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K-State Today

February 28, 2013

Notice concerning the impact of sequestration on National Science Foundation programs

Submitted by Communications and Marketing

The National Science Foundation has issued the following notice concerning the impact of sequestration on the foundation's programs:

As you may know, since passage of the American Taxpayer Relief Act of 2012, the president has been working with Congress to reach agreement on a balanced deficit reduction plan. If an agreement is not reached by the end of this month, the president will be required to issue an order on March 1 that will implement across-the-board spending cuts known as sequestration. As a result of this expected sequestration order, the Fiscal Year 2013 appropriations of the National Science Foundation will be reduced by 5 percent. 
We intend to make the necessary FY 2013 reductions with as little disruption as possible to established commitments, and are using the following set of core principles to guide our sequestration planning activities: 

• Protect commitments to NSF’s core mission and maintain existing awards
• Protect the NSF workforce
• Protect STEM human capital development programs
By adhering to these core principles and the government-wide guidance issued by the Office of Management and Budget, Memorandum 13-03, Planning for Uncertainty with Respect to Fiscal Year 2013 Budgetary Resources, we expect to be able to accommodate the sequestration reductions in ways that minimize, to the extent possible, the impact on our mission, both short- and long-term.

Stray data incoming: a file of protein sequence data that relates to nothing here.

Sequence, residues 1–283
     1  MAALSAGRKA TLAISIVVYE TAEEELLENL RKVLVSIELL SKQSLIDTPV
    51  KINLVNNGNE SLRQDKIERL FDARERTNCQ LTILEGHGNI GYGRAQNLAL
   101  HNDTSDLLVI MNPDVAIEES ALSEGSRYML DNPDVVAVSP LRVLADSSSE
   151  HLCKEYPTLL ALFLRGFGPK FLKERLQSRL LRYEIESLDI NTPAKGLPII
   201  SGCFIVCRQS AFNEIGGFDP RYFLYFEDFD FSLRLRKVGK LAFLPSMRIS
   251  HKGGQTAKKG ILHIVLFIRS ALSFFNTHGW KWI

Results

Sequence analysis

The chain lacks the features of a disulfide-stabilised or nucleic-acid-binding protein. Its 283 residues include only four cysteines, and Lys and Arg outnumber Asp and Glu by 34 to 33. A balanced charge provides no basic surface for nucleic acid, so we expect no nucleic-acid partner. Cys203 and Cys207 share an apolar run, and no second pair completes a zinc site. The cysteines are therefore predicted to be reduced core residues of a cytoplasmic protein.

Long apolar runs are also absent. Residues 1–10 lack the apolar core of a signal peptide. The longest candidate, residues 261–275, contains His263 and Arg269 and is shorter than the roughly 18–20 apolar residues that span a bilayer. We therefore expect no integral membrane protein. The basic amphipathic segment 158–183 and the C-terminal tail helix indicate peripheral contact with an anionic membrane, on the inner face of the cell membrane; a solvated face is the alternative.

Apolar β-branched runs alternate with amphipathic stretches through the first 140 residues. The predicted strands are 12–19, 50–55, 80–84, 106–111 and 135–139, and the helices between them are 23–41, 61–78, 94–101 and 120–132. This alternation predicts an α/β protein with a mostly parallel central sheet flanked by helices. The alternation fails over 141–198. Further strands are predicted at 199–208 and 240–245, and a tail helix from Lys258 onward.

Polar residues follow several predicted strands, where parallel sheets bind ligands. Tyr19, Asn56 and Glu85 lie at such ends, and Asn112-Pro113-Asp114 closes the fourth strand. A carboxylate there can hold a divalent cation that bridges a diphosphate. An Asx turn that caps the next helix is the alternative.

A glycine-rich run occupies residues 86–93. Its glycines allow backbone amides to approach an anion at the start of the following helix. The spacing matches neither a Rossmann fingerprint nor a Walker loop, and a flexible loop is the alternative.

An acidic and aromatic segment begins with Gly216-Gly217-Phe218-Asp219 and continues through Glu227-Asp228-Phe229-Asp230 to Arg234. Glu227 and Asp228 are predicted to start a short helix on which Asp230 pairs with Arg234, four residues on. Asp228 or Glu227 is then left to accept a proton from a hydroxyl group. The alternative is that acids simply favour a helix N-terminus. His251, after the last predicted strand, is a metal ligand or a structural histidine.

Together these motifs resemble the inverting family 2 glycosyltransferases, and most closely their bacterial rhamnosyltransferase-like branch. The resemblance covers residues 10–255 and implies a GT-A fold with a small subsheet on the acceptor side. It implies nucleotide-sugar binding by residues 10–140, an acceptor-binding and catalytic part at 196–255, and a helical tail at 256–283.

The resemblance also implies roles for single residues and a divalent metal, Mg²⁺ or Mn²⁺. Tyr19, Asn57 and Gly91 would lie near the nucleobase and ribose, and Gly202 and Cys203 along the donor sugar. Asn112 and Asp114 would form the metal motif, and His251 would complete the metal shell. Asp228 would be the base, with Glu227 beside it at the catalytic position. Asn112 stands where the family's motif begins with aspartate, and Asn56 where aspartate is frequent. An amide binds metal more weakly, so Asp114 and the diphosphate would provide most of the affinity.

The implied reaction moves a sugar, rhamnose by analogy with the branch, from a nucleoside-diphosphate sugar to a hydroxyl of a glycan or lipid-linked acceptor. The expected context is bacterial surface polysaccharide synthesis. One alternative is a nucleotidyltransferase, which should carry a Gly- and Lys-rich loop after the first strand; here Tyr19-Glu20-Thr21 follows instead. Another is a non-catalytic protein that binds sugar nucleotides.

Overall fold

Because the sequestration order takes effect at mid-year, its impact is somewhat greater than might otherwise be the case. At the National Science Foundation, the major impact of sequestration will be seen in reductions to the number of new research grants and cooperative agreements awarded in FY 2013. We anticipate that the total number of new research grants will be reduced by approximately 1,000. 
In keeping with the first core principle listed above, and to assure continuity and minimize disruption of scientific research, all continuing grant increments in FY 2013 will be awarded, as scheduled, and there will be no impact on existing NSF standard grants. The same intent applies to annual increments for cooperative agreements, though overall funding constraints may require reductions to certain major investments. These will be handled on a case-by-case basis.
It is also important to advise you that the Foundation is currently operating under a Continuing Resolution (CR) that will expire on March 27, 2013. Once NSF has appropriations in place beyond March 27, we will revise this notice as necessary. 

Subra Suresh 

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